Time is rarely kind, but in the case of old movies, it can be downright destructive. “I think something like 75- 80% of silent era films are just completely lost. The material is gone,” explains Tim Lanza, VP and archivist at the Cohen Film Collection, which owns Buster Keaton’s body of work.
Lanza has been with the collection for nearly 30 years, but it wasn’t until it was purchased by Charles Cohen in 2011 that resources were finally made available to restore the films. Since then, they’ve been able to partner with organizations such as the Cineteca di Bologna to expand their restoration capabilities — including tracking down long-lost footage. “The big thing is trying to hunt down good quality materials,” he explains. “It is detective work.”
For example, up until recently the version of one of Keaton’s most famous films, Sherlock Jr., was incomplete. “The version that’s been commonly available has always been missing this one sequence. And it’s very obvious that it’s missing. It’s a trick pool shot. You see the setup. Then there’s a cut and you see this other character reacting, but you never get to see the shot!”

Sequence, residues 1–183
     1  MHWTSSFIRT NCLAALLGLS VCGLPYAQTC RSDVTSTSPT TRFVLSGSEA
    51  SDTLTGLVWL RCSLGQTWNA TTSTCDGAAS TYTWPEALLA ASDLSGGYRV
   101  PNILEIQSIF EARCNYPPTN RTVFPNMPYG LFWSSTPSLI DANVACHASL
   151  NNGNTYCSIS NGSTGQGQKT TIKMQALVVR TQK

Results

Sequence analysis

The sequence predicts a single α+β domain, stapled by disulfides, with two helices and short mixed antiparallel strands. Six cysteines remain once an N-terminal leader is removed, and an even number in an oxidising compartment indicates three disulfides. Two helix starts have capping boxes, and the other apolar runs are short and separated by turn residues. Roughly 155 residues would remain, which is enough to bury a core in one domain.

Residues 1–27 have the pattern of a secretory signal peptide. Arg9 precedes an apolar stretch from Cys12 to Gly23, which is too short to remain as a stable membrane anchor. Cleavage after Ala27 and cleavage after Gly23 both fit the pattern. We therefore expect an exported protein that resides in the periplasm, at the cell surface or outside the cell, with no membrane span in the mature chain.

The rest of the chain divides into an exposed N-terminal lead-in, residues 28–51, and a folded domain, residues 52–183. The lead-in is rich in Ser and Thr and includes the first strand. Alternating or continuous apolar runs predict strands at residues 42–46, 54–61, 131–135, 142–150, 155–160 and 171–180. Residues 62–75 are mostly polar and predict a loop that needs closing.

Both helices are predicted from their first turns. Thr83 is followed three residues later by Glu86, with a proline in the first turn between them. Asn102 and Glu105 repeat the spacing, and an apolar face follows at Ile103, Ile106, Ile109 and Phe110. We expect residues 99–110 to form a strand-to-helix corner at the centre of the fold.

With help from the Cineteca di Bologna, Lanza was able to scour the globe for a usable version of the missing sequence. He found it in a 35mm Danish print. With a little bit of restoration magic, Sherlock Jr. is whole again.
Thanks to Lanza’s work, the Keaton films are available to the public as they haven’t been before, via theatrical releases, DVDs, and streaming services.
“[When silent films are] presented in nice looking versions, often with a great orchestral score, it helps people get over that stigma of watching a black and white, scratchy old movie,” he says. “Keaton is timeless. He’s probably the most modern of the silent comedians. And given the opportunity to see something that’s visually a good experience I think helps get over that.”
Buster Keaton’s films are now streaming on Amazon Prime’s Cohen Media Channel.